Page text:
Many legal translators simply choose not to translate Latin expressions into English or Spanish, leaving them as they appear in the original text. And, indeed, there are certainly dozens of latinismos used “as is” in both legal Spanish and legal English. Nevertheless, many of them do have accepted renderings in the other language that should probably be used instead of the Latin in translated texts. And when the Latin phrase in question is not in general use in the other language, a definitional translation may be warranted. In blog entries under Latinismos I will highlight some of the Latin expressions that I have encountered most often in my work.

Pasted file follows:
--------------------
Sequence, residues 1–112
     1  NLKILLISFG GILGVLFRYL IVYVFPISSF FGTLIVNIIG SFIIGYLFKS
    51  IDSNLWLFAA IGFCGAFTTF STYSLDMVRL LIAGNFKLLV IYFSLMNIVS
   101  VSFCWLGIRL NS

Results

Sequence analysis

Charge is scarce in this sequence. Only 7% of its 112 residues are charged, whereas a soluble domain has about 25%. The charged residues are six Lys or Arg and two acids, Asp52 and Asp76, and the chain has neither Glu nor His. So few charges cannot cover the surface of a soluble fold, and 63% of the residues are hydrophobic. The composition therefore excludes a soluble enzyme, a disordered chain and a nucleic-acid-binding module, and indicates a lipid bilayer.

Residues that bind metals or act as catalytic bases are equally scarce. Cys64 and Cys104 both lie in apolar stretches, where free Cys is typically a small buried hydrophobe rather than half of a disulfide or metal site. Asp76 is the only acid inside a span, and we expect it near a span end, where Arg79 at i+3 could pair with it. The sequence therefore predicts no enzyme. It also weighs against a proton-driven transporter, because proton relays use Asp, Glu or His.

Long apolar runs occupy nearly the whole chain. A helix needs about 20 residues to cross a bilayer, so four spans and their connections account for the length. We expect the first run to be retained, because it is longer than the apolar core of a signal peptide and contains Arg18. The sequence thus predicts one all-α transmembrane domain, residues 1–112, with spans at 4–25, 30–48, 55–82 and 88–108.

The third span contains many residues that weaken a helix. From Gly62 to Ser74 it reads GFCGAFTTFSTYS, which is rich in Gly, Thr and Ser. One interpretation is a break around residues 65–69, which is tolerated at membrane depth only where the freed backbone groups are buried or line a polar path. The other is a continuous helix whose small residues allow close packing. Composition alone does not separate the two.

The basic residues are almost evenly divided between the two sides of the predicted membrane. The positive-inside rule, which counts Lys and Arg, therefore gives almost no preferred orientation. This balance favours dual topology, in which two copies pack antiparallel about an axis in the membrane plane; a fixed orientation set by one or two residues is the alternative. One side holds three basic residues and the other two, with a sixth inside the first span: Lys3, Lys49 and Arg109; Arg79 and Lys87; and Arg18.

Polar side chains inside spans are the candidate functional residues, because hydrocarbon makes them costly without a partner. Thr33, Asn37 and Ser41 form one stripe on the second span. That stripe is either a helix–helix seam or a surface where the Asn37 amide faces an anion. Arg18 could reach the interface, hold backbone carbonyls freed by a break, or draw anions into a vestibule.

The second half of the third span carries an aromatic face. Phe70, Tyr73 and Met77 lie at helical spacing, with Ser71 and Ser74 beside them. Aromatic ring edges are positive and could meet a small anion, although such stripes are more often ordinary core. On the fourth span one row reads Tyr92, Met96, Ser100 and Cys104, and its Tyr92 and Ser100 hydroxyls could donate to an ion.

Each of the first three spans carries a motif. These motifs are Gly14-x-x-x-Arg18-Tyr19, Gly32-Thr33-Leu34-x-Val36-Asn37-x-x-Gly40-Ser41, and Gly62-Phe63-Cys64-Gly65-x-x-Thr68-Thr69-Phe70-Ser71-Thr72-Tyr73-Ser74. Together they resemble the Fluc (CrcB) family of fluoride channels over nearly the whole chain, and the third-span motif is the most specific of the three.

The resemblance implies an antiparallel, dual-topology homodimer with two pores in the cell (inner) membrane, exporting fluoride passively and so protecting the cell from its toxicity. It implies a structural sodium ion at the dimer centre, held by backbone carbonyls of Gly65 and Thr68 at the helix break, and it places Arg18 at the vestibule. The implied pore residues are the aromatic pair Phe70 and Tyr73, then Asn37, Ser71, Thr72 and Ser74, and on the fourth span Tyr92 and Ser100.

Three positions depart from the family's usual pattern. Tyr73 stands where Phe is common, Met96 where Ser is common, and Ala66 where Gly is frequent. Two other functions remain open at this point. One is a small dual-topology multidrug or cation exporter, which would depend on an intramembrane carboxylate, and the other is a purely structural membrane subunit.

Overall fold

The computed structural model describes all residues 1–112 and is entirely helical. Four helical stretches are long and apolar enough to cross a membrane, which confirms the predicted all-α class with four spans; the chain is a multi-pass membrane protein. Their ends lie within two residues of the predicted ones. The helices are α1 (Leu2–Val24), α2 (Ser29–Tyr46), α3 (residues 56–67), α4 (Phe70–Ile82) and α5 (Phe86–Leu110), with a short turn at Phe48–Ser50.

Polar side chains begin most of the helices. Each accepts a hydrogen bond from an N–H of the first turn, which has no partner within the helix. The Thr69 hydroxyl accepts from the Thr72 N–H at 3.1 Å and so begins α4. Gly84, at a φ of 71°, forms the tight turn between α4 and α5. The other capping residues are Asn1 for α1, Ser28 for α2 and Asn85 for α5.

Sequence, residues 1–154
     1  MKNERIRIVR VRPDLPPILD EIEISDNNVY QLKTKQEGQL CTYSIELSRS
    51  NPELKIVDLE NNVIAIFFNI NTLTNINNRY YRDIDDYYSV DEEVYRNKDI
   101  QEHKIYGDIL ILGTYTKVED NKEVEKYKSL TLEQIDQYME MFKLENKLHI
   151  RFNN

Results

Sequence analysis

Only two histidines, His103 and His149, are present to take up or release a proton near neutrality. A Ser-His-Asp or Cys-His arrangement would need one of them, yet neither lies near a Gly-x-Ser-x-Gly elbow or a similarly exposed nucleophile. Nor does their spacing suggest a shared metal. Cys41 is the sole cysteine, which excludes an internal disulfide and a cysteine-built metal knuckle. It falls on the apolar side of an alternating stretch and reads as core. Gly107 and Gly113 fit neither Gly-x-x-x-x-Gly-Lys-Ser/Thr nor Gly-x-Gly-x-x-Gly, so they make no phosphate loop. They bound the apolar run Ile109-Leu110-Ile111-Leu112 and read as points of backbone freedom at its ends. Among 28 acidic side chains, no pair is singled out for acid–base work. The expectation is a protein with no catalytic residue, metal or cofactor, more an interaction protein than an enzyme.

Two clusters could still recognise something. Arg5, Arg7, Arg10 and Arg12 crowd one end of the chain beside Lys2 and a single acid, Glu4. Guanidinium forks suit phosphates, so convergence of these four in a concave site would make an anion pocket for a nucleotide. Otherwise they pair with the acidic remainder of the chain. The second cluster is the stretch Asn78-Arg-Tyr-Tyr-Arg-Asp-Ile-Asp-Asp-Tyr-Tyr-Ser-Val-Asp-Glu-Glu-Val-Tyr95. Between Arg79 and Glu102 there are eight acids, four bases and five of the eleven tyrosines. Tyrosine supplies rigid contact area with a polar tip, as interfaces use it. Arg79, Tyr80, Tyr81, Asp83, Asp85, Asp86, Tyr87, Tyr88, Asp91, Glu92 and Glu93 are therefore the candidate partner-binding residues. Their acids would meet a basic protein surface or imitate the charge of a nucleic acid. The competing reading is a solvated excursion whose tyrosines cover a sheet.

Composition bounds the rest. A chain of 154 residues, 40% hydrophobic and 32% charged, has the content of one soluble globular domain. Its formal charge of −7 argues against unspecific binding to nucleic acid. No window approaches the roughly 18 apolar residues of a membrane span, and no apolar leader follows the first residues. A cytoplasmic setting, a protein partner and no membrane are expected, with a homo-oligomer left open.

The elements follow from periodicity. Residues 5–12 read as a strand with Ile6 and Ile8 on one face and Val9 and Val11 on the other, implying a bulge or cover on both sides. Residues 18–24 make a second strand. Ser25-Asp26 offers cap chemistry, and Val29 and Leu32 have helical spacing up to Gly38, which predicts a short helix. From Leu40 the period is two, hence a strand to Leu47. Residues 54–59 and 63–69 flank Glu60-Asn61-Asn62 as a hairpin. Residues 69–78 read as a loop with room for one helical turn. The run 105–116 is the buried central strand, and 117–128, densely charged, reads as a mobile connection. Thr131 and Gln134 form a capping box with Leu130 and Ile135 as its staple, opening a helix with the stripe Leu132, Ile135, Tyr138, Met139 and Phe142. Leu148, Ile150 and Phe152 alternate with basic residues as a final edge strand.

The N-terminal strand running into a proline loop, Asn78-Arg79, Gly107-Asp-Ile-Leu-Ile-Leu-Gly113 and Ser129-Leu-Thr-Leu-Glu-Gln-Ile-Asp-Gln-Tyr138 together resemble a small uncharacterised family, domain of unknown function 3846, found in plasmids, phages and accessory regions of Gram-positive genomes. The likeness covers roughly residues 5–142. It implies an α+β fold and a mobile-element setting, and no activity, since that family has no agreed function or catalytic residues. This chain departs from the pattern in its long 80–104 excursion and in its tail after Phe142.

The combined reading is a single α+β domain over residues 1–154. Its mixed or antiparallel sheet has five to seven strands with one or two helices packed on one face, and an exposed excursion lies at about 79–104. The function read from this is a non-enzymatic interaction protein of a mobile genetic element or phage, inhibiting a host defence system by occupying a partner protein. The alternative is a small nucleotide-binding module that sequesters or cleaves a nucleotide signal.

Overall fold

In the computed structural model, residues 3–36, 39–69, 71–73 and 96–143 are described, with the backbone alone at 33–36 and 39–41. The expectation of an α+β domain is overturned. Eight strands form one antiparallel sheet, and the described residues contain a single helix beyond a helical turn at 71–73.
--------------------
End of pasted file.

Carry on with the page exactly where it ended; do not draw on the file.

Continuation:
A few Latin expressions used in common law courts
When a party files a “motion to proceed in forma pauperis,” he is asking for legal aid and to be allowed to litigate without costs. In Spanish this is often rendered as solicitud de asistencia jurídica gratuita or, formerly, solicitud del beneficio de pobreza. A party who decides to defend himself at trial is said to “proceed pro se (or) pro per” (litigar sin abogado or ejercer el derecho de la autodefensa) and is known as a “pro se (or) pro per litigant”. In order to bring an action or appear in court a party must have standing (legitimación procesal), often rendered in Latin as locus standi, especially in British usage. One of the parties at trial will bear the burden of proof (carga de la prueba), called onus probandi, or simply onus, also most often used in Latin in British usage. And a lawyer who renders free legal services is said to work pro bono or pro bono publico (“for the public good”), a Latin expression also used among Spanish lawyers who provide trabajo pro bono.